This is actually the second faculty meeting to discuss the Ayres Report. The first meeting, on November 17, did not go well and was highly acrimonious (as I predicted it would be, comparing it to “legal academia’s answer to the Red Wedding”). That meeting ended with at least eight members of the faculty still waiting to speak—and some suspect that the questioner queue in Zoom was manipulated to prevent certain professors from taking the floor.
After the first meeting about the Ayres Report, several professors requested a second meeting, especially since so many faculty members did not get the chance to speak at the first. Dean Gerken initially rebuffed these requests—but after an angry outcry, she relented and agreed to another meeting, the one taking place this afternoon.
In addition to that contentious first meeting, professors have been going at each other over email. Two major antagonists are Professor Roberta Romano, a Sterling Professor and leading expert in corporate law, and Professor Monica Bell, a newly tenured professor who focuses on criminal justice and race and the law. Professor Romano’s criticism of the administration is already a matter of public record, as is Professor Bell’s defense of the administration (particularly diversity director Yaseen Eldik, her best friend).
Their disagreements could soon become public. For the past few weeks, Professor Romano has been working on a statement that would criticize the administration’s treatment of Trent Colbert, condemn the administration’s handling of the situation as a violation of due process and free speech, and reject claims that the Federalist Society is “racist” or “triggering.” She has invited like-minded colleagues to sign on to her statement, which she plans to issue publicly. But other professors, most prominently Professor Bell, disagree strongly with Professor Romano, and they might issue a counter-statement if and when Romano's statement goes out. Stay tuned.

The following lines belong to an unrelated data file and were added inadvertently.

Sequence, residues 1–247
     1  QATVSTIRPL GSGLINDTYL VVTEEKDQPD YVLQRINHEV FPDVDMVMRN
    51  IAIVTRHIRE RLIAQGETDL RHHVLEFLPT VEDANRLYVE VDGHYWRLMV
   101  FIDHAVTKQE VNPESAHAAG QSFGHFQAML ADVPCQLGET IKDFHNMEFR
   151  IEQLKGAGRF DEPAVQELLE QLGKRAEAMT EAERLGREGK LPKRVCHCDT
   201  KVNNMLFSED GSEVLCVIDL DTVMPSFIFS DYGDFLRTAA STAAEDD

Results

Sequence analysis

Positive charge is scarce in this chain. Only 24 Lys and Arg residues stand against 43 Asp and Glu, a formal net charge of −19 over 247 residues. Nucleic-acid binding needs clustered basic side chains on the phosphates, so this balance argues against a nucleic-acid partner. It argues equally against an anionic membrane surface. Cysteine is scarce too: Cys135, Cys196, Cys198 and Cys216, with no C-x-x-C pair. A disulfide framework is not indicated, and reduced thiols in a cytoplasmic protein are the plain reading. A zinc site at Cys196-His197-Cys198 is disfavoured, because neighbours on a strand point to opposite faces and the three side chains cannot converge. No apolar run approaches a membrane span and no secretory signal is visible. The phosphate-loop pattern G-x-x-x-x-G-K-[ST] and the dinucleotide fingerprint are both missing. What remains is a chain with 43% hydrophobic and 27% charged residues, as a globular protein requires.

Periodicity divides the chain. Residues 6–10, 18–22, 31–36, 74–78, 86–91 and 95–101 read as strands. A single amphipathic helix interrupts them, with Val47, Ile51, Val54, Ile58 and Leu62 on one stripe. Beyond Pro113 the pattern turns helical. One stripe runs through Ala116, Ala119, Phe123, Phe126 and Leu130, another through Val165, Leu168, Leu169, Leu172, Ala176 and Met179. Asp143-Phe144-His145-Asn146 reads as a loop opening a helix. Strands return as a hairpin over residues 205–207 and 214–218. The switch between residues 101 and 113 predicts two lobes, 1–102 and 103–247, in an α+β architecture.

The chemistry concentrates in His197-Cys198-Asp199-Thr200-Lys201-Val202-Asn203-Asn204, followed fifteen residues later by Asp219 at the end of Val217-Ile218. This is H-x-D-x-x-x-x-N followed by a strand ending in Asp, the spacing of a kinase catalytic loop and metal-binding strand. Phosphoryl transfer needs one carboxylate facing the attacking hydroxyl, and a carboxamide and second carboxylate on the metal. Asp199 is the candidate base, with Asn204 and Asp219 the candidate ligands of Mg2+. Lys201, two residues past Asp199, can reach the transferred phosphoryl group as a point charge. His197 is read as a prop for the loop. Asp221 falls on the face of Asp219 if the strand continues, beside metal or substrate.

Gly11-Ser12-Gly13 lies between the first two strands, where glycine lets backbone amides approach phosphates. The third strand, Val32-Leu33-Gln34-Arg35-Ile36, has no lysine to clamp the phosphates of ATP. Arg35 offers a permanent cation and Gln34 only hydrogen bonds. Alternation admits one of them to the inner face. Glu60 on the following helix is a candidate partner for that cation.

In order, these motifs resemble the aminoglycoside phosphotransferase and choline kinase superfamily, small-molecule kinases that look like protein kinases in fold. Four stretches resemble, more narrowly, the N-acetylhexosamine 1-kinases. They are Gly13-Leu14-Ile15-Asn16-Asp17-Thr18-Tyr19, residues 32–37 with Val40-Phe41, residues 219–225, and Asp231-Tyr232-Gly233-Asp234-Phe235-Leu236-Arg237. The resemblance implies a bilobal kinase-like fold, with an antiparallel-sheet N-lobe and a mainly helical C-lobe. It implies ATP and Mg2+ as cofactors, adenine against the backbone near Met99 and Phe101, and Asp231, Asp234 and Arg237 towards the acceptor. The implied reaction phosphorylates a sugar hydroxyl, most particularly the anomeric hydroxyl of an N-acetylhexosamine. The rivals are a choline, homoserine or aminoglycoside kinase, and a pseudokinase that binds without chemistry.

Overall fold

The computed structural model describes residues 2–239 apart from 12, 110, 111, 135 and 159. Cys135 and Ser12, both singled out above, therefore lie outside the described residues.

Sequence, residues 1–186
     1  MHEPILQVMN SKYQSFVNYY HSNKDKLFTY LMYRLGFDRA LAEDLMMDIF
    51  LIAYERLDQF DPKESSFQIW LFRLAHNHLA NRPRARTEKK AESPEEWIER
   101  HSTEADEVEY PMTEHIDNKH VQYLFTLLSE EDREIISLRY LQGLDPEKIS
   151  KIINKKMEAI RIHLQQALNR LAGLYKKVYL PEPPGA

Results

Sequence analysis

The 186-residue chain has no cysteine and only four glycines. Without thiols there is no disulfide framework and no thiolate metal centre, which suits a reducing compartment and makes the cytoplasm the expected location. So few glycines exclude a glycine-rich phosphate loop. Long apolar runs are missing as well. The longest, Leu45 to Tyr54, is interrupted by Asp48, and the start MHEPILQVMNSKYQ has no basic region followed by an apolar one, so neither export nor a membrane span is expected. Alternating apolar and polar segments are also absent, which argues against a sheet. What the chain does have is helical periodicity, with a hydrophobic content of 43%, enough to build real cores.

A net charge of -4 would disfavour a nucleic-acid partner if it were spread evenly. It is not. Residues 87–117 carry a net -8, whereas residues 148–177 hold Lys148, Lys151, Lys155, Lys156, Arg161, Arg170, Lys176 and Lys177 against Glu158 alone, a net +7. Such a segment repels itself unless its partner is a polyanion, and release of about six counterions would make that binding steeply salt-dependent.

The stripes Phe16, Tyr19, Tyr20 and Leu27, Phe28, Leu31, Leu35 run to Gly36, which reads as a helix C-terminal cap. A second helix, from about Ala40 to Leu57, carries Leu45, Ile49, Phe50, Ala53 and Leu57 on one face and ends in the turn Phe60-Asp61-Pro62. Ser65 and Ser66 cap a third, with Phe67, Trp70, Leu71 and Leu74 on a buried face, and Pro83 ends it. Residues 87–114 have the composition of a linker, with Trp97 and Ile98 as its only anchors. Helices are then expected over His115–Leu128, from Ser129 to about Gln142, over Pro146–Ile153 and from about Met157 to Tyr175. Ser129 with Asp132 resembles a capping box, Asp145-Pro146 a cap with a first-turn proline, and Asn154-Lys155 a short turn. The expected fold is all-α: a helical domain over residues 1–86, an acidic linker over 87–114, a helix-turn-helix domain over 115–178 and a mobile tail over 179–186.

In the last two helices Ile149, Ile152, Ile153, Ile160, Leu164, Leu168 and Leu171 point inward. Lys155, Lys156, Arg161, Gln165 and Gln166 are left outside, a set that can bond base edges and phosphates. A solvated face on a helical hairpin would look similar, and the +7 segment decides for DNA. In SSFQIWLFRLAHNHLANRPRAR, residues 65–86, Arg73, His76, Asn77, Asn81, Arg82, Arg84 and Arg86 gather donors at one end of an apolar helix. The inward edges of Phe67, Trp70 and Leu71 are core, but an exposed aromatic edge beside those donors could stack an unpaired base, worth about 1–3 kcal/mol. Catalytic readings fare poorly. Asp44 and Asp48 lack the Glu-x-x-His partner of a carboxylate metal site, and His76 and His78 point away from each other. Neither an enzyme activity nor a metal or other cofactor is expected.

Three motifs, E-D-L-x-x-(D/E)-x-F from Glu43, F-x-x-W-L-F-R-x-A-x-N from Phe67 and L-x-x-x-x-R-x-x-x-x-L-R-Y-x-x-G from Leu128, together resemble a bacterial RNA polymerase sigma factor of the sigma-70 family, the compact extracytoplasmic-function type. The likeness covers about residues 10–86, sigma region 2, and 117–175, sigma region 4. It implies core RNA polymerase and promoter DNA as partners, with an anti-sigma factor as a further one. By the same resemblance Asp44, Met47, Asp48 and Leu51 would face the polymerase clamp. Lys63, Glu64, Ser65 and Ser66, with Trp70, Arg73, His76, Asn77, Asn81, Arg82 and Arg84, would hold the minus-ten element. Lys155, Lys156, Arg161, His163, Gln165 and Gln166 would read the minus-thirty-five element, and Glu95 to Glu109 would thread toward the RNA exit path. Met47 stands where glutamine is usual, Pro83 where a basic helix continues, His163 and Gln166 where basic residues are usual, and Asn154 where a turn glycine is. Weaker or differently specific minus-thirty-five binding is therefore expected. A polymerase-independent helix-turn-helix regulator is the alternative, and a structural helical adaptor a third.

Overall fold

All this takes place against the backdrop of whether to give another five-year term to Heather Gerken, who became dean of YLS in 2017 (news that I enthusiastically broke, noting that “it would be hard to imagine a better pick than Professor Gerken”). As I reported last month, the decision about whether to renew Gerken’s deanship was postponed. It was originally expected last month, but it got moved to this month.
The faculty will meet to discuss giving Dean Gerken another term this coming Wednesday, December 8. The situation is very fluid, so things could change—but as of now, despite all the drama, my prediction is that
the faculty will vote to renew Gerken will be reappointed. [UPDATE (12/7/2021, 10:32 a.m.): There is actually no formal vote of the faculty. Instead, the Dean Review Advisory Committee makes a recommendation, which they then discuss with the faculty at meetings—but there is no formal, up-or-down, roll-call vote. This post has been edited throughout to reflect this fact.]
Yes, the sturm und drang has been riveting. But an incumbent dean enters the review process with a strong presumption in favor of renewal—and for Gerken, the first woman to serve as dean of YLS, the presumption is even stronger. Furthermore, as I noted a few weeks ago, any missteps by Gerken must be weighed against her many accomplishments, such as diversifying the student body, diversifying the faculty, strengthening ties with alumni, launching a new leadership program, and fundraising.
Even though Gerken has her critics, especially among the “old guard,”3 she still has many allies and supporters on the faculty, especially among the young professors—several of them her hires, who remain loyal to her. Over the years, she has done many favors for colleagues, both personal and professional; she is a genuinely nice, thoughtful, and helpful person. Many of them remember her kindnesses, and they
won’t vote against will support her.4
And remember that at the end of the day, we’re talking about the Yale Law School faculty. They’re hired based on their scholarship, and that’s what they want to focus on. Many of them just want to put this controversy in the rearview mirror, and very few have any interest in becoming dean themselves (not surprisingly, since it’s a thankless task). For these folks, the easy
vote is a vote to renew. choice is to support her renewal.
So my guess—speaking predictively, not normatively—is that Gerken will be renewed. It’s possible she could be renewed for less than the customary five-year term, which is what happened to Robert Post
, not the most popular YLS dean ever. [UPDATE (12/4/2021, 8:52 a.m.): Popularity is subjective; on an objective level, Dean Post accomplished a great deal during his time as dean. As for why he was not renewed for a second five-year term, there were a number of reasons—including the fact that he never intended or desired to serve for ten years]